Day three. Standing in the basin under the removed floor of a three year old home, the watery mix of chemicals, seawater, and other less than savory material felt cold around my boots. At about 5 cm, it barely enveloped my feet, but the sensation was the same as the edge of a cool lake. The difference being the nauseating smell, worries of toxicity, and the fact this pool lay in the middle of a family’s home.
“We all love the ocean. The sounds of waves, we find quite soothing. The salty air, we find full of adventure. The cool touch, we find a reminder of home. Only in it’s ability to wash us away do we find it’s lesson. Destroying without mercy, it reveals the power of compassion.”
The team, including myself did not pause on this comparison though. Locked in discussion of the house’s
relative danger, we stopped working in order to wait for our coordinator’s assessment of the job of emptying the three month old pond. Up to this point, our team had witnessed the remains of a neighborhood and the courage of an elderly family. This situation, a virtual sewage tank inside an inhabited home, added another layer of complexity.
The first day, after groggily leaving our nightly home, we cleaned a local business. As lacking of human presence as it may have been, the property was littered with artifacts from the surrounding neighborhood. A car with the key on the passenger seat, sat near the entrance. next to this, negatives of a Junior High School graduation. We cleaned, and bagged debris. We cleaned more, and bagged more debris. The labour was easy, yet exhausting. That night I ate my soba with a vengeance.
OH YES… I forgot to mention. In my bag, I had only soba, calorie mate (bar-type food), coffee, and almonds. Other members from my team, as well as a few from other teams were similarly under-prepared. We were saved, so often, by the kindness of people with much more forethought as they laughed and offered us some of the most delicious food I’ve had in months. After a night of introductions, we were all immediate friends. Little did I know, my new friends (especially the men) were competitive in their snoring capacity. For anyone who wishes to volunteer in Ishinomaki through Peace Boat, bring earplugs to sleep at night.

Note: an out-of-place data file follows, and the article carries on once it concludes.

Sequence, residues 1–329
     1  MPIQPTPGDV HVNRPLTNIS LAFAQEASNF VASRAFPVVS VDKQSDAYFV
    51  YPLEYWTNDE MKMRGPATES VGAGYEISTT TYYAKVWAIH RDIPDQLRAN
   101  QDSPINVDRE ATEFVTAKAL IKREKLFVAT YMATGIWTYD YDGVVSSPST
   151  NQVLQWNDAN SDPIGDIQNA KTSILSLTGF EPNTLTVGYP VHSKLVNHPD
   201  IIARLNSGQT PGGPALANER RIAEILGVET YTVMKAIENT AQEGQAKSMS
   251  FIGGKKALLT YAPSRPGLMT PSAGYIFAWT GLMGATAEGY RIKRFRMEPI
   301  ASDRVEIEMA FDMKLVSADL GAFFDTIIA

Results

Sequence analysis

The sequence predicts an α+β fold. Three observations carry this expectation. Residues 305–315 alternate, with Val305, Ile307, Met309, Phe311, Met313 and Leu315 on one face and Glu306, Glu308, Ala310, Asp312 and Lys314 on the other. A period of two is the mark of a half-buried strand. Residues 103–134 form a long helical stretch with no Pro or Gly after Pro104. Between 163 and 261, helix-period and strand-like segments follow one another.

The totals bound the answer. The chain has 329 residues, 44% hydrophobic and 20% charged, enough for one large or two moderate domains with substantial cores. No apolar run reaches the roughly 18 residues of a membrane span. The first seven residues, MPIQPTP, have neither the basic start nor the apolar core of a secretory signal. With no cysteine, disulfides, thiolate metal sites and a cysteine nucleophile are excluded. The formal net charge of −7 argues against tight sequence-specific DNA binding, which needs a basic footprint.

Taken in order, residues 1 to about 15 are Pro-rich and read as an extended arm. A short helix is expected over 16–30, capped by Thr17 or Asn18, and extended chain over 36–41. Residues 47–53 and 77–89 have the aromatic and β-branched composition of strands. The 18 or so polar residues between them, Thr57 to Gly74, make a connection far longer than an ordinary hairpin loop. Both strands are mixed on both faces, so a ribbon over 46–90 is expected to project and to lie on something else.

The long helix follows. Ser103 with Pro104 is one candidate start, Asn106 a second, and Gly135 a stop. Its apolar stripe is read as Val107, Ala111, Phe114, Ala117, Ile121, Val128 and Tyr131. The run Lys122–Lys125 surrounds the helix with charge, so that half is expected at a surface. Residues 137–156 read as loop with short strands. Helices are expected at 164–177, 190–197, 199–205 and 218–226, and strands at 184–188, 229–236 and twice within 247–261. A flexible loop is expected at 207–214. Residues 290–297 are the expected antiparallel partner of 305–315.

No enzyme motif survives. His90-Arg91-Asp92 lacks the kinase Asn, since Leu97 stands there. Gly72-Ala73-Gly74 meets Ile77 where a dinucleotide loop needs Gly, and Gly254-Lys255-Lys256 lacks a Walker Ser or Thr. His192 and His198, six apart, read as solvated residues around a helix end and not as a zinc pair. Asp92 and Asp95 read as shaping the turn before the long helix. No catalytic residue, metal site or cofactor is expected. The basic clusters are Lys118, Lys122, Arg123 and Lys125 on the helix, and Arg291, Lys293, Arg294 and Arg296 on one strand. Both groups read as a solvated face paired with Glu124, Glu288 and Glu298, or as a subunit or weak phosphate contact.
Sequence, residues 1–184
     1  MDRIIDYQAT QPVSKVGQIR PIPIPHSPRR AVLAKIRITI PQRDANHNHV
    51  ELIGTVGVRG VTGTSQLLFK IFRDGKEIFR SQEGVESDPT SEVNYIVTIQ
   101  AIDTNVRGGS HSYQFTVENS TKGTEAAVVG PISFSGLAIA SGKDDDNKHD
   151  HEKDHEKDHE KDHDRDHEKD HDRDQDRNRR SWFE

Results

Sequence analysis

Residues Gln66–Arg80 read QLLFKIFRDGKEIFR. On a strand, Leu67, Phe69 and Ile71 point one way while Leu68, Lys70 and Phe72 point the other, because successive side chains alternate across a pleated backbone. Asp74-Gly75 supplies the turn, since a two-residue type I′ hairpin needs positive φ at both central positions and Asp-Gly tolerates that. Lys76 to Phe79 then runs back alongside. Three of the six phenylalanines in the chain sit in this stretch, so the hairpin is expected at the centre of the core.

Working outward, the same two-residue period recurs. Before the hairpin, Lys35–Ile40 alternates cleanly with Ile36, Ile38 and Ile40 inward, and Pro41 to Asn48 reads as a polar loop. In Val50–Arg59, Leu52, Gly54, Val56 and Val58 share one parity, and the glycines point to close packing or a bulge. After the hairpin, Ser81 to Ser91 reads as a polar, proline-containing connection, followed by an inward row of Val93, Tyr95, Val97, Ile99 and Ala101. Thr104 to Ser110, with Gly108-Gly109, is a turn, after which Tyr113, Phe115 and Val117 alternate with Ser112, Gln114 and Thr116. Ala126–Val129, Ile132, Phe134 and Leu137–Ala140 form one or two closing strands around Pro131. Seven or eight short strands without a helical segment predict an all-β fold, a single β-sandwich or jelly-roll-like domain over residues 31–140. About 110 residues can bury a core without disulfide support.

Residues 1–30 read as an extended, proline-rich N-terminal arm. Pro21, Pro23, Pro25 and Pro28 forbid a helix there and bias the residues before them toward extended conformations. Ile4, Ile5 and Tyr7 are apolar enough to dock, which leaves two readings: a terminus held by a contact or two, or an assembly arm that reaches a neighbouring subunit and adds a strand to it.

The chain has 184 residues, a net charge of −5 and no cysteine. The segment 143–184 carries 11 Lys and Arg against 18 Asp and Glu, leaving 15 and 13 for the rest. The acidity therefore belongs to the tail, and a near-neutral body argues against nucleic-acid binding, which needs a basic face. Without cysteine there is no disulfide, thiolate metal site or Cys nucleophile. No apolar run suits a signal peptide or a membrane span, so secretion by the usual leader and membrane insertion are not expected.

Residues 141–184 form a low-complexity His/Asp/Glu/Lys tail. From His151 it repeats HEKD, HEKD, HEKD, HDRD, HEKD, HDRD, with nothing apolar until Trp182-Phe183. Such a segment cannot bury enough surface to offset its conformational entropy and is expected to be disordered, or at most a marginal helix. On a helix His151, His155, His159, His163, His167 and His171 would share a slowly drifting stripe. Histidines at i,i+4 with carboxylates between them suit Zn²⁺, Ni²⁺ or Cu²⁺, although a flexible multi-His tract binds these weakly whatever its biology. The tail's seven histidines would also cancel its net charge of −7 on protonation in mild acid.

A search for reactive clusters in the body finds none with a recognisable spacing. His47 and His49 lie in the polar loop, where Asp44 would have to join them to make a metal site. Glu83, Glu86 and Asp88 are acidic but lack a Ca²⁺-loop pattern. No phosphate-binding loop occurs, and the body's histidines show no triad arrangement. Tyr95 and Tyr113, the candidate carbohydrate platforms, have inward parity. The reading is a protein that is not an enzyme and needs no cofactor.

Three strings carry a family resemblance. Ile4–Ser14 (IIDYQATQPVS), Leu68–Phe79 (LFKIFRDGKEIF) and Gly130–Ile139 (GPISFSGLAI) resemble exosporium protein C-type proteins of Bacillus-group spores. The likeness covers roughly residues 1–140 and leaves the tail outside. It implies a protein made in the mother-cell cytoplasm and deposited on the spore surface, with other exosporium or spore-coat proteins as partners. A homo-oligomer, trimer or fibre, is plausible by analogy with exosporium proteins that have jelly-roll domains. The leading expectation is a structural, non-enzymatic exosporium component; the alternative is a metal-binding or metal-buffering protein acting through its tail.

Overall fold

I repeat, “Bring Earplugs” Consider yourself warned.
Waking on the morning of the second day, I did my usual oddly stiff yoga routine, followed everyone outside for calisthenics (ラジオ体操FTW！), and went off, in the rain, to our second assignment of the week. Within 1 kilometer of where we started walking, we entered the home of an elderly couple. It’s policy to rest while it rained, so we waited. The husband offered a story of the first few days after the disaster. He and his wife were stuck on the second floor of their home for over four days as the waited for help. They were not alone either. Two other people had swam in. Four people waited for rescue which first came in the form of the last two rice balls of a group of American military men. Between four people, this was their only food. The next day, however, they were taken into an evacuation center.
At the time, I was fascinated by the story. It sounded amazing to have been able to weather such odds. It wasn’t until after we had finished for the day, after we had worked for 8 hours shoveling sludge from their garden, and after we bagged our last bag of the day, that I notice something. The husband, who had been working with us for the entire day, continued to work and clean after we finished and began to leave.
This was not someone who was simply thrown into a devastating situation, this was someone who understood more. I couldn’t put it into words until a teammate explained it as understand the cycle of nature. I hope, if ever I meet such adversity, I have the same strength to continue on as I had witnessed not only in that man, but in every citizen of Ishinomaki I had the chance to meet.
But standing in that virtual sewage tank, I wanted nothing more than to confirm I had no holes in my boots.
Happily, I did not.